British Swimming's Swansea and Stirling centres lose elite funding

By Nick HopeBBC Olympic sports reporter
Georgia Davies

Two elite training centres set up to help British Olympic swimming hopefuls are to close at the end of the year.

The Intensive Training Centres (ITCs) in Swansea and Stirling will shut after governing body British Swimming's Olympic budget for Rio 2016 was cut.

UK Sport reduced funding by £4m after Britain's swimmers failed to reach a target of five medals at London 2012.

Stockport's ITC shut in February, but bases in Loughborough and Bath, which house more elite swimmers, are safe.

Training facilities will still be available to swimmers in Swansea and Stirling, but without the same level of support as before.

British Swimming has pledged to continue investing in the sport in Wales and Scotland as part of a deal with their respective governing bodies.

The deal with Scottish Swimming and Swim Wales will run from 2014 to 2017.

The closing of the ITCs comes a month after Swansea learned funding for its disability swimming programme was being pulled.

But British Swimming national performance director Chris Spice said: "We will be investing in Scotland and Wales' elite swimming infrastructure and the funding will be targeted towards athletes that have a realistic chance of winning medals on the international stage up to Tokyo 2020 and beyond.

"We're investing in the future of swimming in Scotland and Wales, and therefore the future of British Swimming."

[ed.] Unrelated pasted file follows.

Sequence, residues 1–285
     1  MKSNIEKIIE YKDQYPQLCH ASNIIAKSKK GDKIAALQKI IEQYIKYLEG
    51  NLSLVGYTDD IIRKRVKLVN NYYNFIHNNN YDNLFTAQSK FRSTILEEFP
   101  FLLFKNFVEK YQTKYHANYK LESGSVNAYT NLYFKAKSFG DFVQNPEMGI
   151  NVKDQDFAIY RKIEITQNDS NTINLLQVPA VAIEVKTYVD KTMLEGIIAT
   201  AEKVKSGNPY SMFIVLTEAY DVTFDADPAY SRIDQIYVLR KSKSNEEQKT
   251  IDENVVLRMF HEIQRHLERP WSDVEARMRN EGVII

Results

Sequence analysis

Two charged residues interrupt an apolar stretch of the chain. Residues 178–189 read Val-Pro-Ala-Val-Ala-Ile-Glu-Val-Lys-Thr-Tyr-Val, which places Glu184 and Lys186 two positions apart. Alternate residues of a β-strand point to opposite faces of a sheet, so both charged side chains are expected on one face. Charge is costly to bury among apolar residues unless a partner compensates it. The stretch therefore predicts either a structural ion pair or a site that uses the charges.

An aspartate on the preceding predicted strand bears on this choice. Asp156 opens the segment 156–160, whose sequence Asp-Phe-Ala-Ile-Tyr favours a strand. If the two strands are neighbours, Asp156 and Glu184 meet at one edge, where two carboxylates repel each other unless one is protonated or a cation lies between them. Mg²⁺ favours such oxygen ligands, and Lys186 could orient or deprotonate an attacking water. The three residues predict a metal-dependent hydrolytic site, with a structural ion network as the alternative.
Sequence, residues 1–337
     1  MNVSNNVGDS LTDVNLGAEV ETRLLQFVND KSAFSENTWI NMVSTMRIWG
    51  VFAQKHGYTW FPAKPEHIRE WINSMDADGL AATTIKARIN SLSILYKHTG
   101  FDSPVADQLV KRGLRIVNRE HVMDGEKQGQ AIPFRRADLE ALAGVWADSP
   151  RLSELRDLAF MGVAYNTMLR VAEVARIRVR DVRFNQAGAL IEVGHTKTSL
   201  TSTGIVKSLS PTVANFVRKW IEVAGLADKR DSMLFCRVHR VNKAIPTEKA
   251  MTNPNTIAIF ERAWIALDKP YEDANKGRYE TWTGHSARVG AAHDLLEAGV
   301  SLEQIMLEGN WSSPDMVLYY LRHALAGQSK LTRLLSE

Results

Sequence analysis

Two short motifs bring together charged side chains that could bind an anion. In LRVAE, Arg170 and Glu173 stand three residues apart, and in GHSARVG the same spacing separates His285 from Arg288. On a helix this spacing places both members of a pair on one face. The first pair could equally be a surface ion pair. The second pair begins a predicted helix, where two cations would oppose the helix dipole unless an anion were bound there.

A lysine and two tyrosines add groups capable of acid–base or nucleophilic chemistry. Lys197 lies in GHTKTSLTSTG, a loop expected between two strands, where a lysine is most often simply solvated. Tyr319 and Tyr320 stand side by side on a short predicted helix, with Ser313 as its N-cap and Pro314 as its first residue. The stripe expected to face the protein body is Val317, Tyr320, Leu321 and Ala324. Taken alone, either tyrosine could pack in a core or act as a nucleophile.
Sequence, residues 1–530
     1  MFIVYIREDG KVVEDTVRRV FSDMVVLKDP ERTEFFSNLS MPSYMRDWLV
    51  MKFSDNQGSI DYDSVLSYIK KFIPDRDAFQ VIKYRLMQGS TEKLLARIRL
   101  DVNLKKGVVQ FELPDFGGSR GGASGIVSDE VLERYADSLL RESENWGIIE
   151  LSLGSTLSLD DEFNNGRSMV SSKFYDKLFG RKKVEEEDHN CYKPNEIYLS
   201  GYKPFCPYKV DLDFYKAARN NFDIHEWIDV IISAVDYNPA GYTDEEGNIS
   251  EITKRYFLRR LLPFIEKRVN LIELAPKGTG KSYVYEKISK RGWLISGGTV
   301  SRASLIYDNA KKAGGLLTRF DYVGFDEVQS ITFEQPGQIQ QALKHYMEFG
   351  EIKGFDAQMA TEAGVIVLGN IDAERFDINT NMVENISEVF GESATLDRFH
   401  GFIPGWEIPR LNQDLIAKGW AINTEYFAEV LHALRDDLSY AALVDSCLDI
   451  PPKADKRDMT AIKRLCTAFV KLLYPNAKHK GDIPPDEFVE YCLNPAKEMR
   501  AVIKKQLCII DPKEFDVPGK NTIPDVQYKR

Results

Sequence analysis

Ally Whike, Scottish Swimming's director of performance, added: "We have strong partnerships around our four performance centres in Aberdeen, Stirling, Glasgow and Edinburgh.

"This investment allows us to enhance these partnerships, ensuring we continue to support and develop the coaches and athletes in the programmes."

Five ITCs were set up in 2008 in a bid to give swimmers the necessary support to succeed at London 2012.

The centres offered facilities including a full-time head coach, appointed by British Swimming and 25 hours of dedicated pool training a week.

Despite all sides agreeing the new deal will provide enough support for young athletes to fulfil their potential and aid the continued development of more senior swimmers, some may consider relocating to the better-funded bases in Loughborough or Bath.

Two-time Olympian Jemma Lowe moved from her native Wales to Bath earlier this year, but British champions Jazmin Carlin and Georgia Davies are still based in Swansea.

Earlier this month, Carlin was adamant she would continue to train in Swansea even if its ITC was to close.

"Swansea has great facilities and as long as I have got a pool to train in that is all I am going to be doing with the Commonwealth Games coming up. I have to do as many hours as I can in the pool," said the 23-year-old, who won a silver and a bronze medal at the 2010 games in Delhi.

"Together with Sport Wales, it is envisaged the British swimming investment will support Swim Wales in our long term strategies," said Robert James, chief executive of Swim Wales.

"Our immediate focus continues to be on the 2014 Commonwealth Games, where we will be seeking to build upon our medal tally from Delhi."

Carlin will compete with 11 other British swimmers as part of a European 'all-stars' team, who will take on the United States at a challenge event, titled Duel in the Pool, to take place on 20 and 21 December in Glasgow.